When in possession of the ball...
One unique skill Turner will bring to the Celtics is his ball handling ability. No wing on the roster has Turner's passing or dribbling skills, which makes him a likely candidate to handle many of the secondary pick-and-roll responsibilities, and even primary duties if there is no point guard on the floor.
On the two clips above Turner makes the "simple play" out of the pick-and-roll by creating space with the dribble, keeping his head up and reading the play, and by finishing with an accurate pass. If the line-up on the floor includes spot-up threats (such as Avery Bradley, Jeff Green, Kelly Olynyk, and Marcus Thornton), then Boston should make heavy use of Turner in the pick-and-roll.
Turner has also made use of his 6-foot-7, 205-pound frame by taking advantage of smaller opponents when he's playing point guard. He is a career 44.2% scorer on post ups and can create havoc by forcing switches and match-up problems with this play type. Though he probably won't be used heavily here, the Celtics do have a handful of bigs who can shoot from the perimeter, so they could potentially play an inverse style in spurts.
When playing off-ball...
With a funky looking shot and some poor basic stats, many people immediately assume that Turner can't shoot the ball at all. He might have his struggles off the dribble, but he has been a consistent spot up threat throughout his career. As a 37.5% career spot-up three-point shooter, Turner is more than competent enough to handle catch-and-shoot duties. He's not a sharpshooting specialist, but he can at least be a threat when he's hovering near the corners or elbows of the court.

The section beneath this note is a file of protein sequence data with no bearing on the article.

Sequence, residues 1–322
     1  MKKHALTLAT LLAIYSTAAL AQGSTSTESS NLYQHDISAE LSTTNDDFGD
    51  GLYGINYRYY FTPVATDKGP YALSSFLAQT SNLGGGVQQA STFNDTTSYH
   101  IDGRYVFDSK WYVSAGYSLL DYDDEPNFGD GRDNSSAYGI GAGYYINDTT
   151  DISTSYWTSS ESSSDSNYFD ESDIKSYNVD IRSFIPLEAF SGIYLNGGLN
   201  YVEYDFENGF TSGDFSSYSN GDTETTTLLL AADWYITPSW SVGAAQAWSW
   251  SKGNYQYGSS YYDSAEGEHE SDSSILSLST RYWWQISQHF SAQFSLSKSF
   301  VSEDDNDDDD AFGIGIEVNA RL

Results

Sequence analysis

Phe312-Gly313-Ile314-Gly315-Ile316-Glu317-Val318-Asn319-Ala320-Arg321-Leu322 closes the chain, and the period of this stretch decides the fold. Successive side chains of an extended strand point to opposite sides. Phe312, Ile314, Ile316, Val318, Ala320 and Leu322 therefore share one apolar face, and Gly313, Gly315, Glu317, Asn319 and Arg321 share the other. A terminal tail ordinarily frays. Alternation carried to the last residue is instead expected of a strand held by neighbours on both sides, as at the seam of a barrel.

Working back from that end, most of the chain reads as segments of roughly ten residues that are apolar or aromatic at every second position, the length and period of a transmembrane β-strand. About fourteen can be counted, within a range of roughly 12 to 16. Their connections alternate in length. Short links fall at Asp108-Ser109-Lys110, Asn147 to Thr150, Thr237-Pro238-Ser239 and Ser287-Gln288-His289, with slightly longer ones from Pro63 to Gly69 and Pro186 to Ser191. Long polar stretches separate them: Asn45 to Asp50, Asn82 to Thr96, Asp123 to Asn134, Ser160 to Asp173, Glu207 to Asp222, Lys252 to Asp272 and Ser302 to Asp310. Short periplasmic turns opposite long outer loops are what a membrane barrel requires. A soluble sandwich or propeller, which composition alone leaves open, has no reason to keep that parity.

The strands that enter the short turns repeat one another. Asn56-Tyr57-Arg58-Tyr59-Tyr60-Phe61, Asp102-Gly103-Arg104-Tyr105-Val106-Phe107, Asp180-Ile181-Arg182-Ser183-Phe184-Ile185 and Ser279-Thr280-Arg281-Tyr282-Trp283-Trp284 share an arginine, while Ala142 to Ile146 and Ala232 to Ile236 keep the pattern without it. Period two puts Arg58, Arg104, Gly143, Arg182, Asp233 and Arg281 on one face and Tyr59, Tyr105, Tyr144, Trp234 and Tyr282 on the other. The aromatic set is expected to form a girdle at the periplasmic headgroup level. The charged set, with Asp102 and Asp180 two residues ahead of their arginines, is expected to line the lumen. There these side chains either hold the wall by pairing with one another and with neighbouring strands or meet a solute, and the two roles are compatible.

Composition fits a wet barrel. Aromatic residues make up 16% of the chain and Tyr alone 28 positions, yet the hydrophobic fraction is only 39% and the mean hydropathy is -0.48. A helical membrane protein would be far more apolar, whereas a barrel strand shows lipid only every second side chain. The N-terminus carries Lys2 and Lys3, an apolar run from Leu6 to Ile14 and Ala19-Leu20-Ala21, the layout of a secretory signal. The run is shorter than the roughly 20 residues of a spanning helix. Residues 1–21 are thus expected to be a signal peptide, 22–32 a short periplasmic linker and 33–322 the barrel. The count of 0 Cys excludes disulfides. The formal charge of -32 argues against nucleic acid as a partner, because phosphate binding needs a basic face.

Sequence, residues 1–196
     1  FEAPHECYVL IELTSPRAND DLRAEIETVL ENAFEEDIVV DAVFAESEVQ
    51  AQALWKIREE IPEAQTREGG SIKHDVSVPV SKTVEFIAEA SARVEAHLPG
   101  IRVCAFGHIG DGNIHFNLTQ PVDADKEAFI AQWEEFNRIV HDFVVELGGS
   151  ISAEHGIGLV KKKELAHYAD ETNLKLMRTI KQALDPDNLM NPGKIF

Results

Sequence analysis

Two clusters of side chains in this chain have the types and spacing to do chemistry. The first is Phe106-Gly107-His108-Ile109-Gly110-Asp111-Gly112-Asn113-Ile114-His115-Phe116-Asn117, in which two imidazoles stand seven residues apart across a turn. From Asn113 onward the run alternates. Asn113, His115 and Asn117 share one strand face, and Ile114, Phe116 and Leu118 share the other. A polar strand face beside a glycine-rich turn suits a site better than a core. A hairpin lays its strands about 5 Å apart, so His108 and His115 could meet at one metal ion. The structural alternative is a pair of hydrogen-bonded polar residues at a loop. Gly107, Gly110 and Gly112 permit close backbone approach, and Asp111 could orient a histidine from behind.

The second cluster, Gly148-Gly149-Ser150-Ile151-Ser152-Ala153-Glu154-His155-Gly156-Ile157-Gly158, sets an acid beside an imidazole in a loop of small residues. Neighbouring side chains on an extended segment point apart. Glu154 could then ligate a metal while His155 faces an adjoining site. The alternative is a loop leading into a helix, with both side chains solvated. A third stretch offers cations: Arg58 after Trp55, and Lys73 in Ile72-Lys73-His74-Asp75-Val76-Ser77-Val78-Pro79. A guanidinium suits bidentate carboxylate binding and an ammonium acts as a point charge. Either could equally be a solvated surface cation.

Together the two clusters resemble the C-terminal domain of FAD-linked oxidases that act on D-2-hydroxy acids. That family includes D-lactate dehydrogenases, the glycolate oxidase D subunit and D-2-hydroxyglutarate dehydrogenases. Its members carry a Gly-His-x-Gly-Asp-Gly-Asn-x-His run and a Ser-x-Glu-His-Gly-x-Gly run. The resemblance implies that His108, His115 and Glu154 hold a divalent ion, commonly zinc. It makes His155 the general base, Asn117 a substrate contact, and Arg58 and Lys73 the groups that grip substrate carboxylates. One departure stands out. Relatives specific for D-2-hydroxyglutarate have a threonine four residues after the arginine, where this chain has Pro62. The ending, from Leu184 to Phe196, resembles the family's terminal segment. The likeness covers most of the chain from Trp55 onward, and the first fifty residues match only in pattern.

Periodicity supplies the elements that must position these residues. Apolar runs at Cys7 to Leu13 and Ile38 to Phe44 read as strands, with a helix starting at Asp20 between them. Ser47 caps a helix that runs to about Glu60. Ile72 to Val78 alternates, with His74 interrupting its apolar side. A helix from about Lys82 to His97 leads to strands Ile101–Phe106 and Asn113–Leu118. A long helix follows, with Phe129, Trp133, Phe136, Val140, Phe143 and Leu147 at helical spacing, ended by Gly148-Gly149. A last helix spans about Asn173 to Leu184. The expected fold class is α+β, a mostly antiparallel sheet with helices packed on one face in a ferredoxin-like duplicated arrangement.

Turner is also able to create space for himself off-ball, as evident in the clips above. Going back to college he's been very savvy at utilizing v-cuts to fake out defenders and that success has carried into the NBA as a career 49.7% shooter on cuts. In a free-flowing motion offense, Turner won't always have the ball in his hands, so it'll be important for him to look for open spots on the floor to fill, because if any point guard will find him, it's Rajon Rondo.
These plays are more improvisational than scripted, but Avery Bradley was successfully cutting backdoor to get open for passes from Rondo just a few years ago. In a sense, the play is scripted since it's a pre-determined read-and-react play; even the 76ers had some sets where Turner would fill a space before quickly cutting back to the rim. Brett Brown knew how to use Turner the proper away and Brad Stevens will likely do the same.
Turner will probably never live up to the hype of a second overall draft pick -- he won't become a superstar -- but that doesn't mean he can't transform into a high-end role player by seeing his usage and play types revised. As evident by his progression with the Philadelphia 76ers last season, he might just be a late bloomer.
On a short-term deal, Evan Turner is absolutely a low-risk, medium-reward player -- maybe even high-reward if he's used in the perfect role. Not every top draft pick can be a star, but not every player that fails to meet elite expectations is a bust either.
After all, an NBA career is a marathon, not a sprint.